Q&A with Curtis James McConnell, author of "Concerning That Whole God Thing, appearing in the Third Flatiron anthology, Universe Horribilis

Fall 2013

Q. Can you tell us a little what your story, "Concerning That Whole God Thing," is about?

A. It's about macrocosms and microcosms and how they interact. It explores the possibility that "infinite regress" might not be a mere mathematical abstraction. Can't you just hear the rampaging excitement in a blurb like that? Stand back while thronging zealots of readers say, "Enough of the interview, let me at that thing that's not just a mathematical abstraction."

Q. How did you come up with the idea?

A. I wrote the original version of it in seventh grade. I forget what it was called then, but God didn't enter into it. Back then there wouldn't have been a message for the reader beyond, "Wouldn't it be cool if there were an infinity globe and a guy had one?" Now, the reader factor can factor either the existence or absence of God into the infinity globe scenario and develop his own ideas about how that changes things.

Q. What is your inspiration for writing as a whole?

A. The classic dodge here is to say, "That's a good question" while I stall for time. However, since I'm writing these answers it doesn't matter how much stalling I do, I still don't have a good answer. For me, writing isn't an inspiration so much as it is a chronic, nagging cough. I only write (or in this case rewrite) those stories that won't let me sleep. They persist in nagging at me until I write them down. "Here, now you exist. Now leave me alone so I can get some sleep."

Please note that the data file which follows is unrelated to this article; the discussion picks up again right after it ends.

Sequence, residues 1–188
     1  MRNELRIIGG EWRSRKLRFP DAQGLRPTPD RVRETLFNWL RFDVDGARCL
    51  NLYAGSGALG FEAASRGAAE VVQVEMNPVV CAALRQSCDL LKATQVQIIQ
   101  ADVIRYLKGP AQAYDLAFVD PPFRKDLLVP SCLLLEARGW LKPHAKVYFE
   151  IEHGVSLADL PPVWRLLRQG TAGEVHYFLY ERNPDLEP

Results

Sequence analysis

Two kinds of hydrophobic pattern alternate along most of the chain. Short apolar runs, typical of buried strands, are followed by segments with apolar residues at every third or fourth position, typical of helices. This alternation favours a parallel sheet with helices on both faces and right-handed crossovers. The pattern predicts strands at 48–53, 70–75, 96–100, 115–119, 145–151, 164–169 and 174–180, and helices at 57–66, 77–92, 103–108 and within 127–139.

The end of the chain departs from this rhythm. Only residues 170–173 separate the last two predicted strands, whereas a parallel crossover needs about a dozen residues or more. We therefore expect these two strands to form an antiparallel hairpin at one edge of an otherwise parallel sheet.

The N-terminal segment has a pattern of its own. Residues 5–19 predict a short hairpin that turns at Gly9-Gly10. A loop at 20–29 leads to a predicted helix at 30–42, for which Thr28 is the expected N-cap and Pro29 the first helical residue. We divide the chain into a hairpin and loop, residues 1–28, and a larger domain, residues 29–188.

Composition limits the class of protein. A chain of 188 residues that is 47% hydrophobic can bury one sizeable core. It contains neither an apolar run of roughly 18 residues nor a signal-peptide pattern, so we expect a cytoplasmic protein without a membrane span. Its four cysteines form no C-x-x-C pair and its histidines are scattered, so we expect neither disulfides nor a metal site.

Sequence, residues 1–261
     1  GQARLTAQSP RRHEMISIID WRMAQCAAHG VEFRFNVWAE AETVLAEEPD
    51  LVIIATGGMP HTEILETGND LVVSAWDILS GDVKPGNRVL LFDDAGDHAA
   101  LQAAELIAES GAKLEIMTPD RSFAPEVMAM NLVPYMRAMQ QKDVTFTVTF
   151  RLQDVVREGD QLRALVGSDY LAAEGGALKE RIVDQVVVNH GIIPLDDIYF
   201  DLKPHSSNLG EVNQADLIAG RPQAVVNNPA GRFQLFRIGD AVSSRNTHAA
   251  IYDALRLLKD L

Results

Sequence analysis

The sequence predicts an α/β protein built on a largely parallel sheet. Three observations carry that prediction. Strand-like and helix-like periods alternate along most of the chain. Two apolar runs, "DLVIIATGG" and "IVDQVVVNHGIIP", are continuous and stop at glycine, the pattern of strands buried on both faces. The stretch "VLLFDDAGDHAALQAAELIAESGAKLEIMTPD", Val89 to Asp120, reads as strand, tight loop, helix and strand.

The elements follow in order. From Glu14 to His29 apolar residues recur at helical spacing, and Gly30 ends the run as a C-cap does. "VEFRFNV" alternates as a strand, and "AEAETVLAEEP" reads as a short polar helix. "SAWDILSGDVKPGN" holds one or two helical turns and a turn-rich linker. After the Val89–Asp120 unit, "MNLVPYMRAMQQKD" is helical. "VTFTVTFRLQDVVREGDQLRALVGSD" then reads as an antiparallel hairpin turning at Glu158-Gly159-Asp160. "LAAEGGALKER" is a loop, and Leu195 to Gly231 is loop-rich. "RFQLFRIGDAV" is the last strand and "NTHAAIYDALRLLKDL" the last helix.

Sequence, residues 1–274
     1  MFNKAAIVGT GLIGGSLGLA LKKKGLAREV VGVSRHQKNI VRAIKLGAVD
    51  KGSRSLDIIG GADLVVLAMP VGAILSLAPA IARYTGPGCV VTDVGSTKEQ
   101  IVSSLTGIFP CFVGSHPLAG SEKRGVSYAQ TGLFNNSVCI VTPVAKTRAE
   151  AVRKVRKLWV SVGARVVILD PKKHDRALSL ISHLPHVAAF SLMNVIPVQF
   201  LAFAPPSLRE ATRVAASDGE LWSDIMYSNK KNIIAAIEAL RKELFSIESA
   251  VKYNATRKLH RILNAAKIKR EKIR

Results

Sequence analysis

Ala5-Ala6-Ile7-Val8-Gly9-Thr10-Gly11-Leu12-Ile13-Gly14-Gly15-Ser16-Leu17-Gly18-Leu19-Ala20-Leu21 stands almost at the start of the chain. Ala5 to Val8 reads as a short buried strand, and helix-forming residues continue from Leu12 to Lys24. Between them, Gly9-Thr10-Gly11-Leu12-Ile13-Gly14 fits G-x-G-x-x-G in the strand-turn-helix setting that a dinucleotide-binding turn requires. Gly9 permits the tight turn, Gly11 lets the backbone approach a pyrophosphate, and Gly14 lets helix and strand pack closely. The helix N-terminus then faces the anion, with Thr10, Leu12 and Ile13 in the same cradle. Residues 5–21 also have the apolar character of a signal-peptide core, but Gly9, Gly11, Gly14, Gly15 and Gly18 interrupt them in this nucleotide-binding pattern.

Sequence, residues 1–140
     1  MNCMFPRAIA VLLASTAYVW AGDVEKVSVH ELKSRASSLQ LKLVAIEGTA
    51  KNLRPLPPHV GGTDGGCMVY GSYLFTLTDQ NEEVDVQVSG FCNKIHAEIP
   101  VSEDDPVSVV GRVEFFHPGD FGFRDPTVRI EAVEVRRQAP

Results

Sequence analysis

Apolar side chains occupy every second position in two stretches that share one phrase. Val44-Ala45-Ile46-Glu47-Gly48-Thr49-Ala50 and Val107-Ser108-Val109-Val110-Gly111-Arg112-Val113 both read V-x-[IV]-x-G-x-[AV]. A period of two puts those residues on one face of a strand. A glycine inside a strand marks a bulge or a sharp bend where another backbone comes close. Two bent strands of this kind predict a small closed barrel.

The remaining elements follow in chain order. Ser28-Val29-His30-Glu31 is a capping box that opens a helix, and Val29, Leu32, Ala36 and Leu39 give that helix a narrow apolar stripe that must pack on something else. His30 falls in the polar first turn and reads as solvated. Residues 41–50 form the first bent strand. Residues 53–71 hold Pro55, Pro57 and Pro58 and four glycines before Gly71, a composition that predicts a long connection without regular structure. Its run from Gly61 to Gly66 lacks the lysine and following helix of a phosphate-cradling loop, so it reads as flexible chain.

Q. Could you tell us a bit about yourself?

A. I grew up in Texas, then visited all fifty states. Alaska wins. Hawaii is boring, so it gets ranked at 25. I've done all sorts of glamor jobs--secret shopper, dealer in a casino, standup comic, 911 operator--and found them all to be unglamorous. I still get to stat stories with, "When I was onstage at the Comedy Store," or, "One time I was dealing blackjack and..." so, it was worth it, but at the time they were all a grind. If asked, I'll tell how I came to be BB King's half blood-brother.

Q. Where can listeners find more of your work?

A. I just got a royalty statement from alfie dog dot com. Not a single download last quarter. Reminds me of the time in Oregon when I placed dead last in the Coos Bay Laugh-Off comedy competition. Literally every other entrant went to the finals. Alfiedog has several of my stories. I'm certain at least one of them is worth downloading, honest.

Q. Any new work we should keep an eye out for?

A. Bluewood publishing dot com just brought out "Coffin Drop." I signed off on the cover art months ago. I thought it was already out, but no. I wrote it years ago as well, a full decade before James Cameron went to the bottom of the ocean. I'm told I should sue him, but I'll let it slide for now.

Q. (And just for Juli's curiosity) What are you reading now?

A. Believe it or not, Hugh Laurie wrote a book before he landed House. I just finished The Gun Seller. Amazing book. I tend to read several books at once, depending on my mood. This week's batch includes The World Treasury of Science Fiction, The Oxford Book of the American Detective, a collection of Irwin Shaw's short stories, a collection of Ray Bradbury stories, The Wreck of the Essex (the true account of the whale attack which inspired Moby Dick, written by the first mate), and No Country for Old Men. I love finding new authors, so now I get to burn myself out on Cormac McCarthy.

Q. Thanks a lot, Jimmy! We love your stuff!